As schools navigate the impacts of the Omicron variant this winter, it's critical to ensure that all planning and decision-making includes multilingual families and English language learners (ELLs).
Here are some lessons learned about how to partner effectively with multilingual families during COVID-19 that can help inform schools' response to Omicron and other variants or surges. For additional ideas, be sure to connect with your ELL/ESOL teams at the school or district level in order to draw upon their expertise and experience.
For ideas related to instruction, see:
- Twelve Things Teachers Can Do to Support ELL Success in the New Year
- Teaching ELLs Online: How to Develop Students' Language Skills
Communicating with Families in Their Home Languages
All families have a legal right to receive communication in their home language from the school. Many schools have tried new ways of communicating with multilingual families during COVID-19.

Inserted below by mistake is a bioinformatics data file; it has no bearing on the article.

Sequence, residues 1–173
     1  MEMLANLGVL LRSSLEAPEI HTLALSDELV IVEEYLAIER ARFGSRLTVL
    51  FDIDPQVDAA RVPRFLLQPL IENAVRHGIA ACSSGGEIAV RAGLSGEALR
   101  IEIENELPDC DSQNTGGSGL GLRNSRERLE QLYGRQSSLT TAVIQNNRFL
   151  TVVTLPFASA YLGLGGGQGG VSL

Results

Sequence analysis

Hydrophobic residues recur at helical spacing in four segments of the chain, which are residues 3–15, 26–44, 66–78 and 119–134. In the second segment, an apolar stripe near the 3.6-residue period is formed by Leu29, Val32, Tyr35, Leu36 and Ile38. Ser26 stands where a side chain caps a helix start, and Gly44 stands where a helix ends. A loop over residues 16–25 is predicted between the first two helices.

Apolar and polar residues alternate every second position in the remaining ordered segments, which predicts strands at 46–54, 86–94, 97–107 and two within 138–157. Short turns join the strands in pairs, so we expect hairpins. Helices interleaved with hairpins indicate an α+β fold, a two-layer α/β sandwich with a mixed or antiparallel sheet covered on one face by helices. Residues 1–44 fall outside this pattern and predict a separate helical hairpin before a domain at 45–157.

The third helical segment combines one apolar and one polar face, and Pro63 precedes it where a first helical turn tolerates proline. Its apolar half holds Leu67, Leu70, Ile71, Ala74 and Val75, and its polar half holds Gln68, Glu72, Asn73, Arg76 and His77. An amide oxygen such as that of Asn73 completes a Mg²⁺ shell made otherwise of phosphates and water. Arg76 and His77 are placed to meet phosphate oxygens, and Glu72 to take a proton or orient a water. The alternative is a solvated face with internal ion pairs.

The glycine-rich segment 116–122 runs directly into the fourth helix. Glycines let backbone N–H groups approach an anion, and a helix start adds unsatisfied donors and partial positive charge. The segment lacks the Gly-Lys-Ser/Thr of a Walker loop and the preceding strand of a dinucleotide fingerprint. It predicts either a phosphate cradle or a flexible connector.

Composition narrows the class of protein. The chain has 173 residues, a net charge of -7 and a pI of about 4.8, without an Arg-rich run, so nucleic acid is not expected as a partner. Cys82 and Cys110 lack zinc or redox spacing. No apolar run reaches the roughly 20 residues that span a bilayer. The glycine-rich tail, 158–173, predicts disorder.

For some effective strategies and tools in communicating with multilingual families, take a look at the following articles:
- Communicating with ELL Families: 10 Strategies for Schools
- How to Use Technology to Engage Multilingual Families
- Equity Through Language Access: Best Practices for Collaborating with Interpreters
- Successfully Communicating with Multilingual Families (Colorín Colorado blog post for the National Association of Secondary School Principals)
Essential Information for Families
Given how fluid the current situation is, families will need updated information about the following:
- School schedules and closures
- Changes in transportation services
- Updates on school meals
Health and safety
- Updated COVID-19 information related to new variants and safety protocols, especially those that are new (such as "test-to-stay" measures)
- How to access testing and COVID-19 vaccines for all age groups
- How to access any support services related to hardships that families might be facing, such as food, housing, medical care, winter clothing, heating assistance, etc.
- How learning is being delivered
- How to access technology and internet service if schools switch to remote or hybrid instruction (keeping mind that families may not have access to the devices or service they had last year during remote learning)
- What kinds of supports are available for students through the school
- How students are receiving social-emotional instruction at school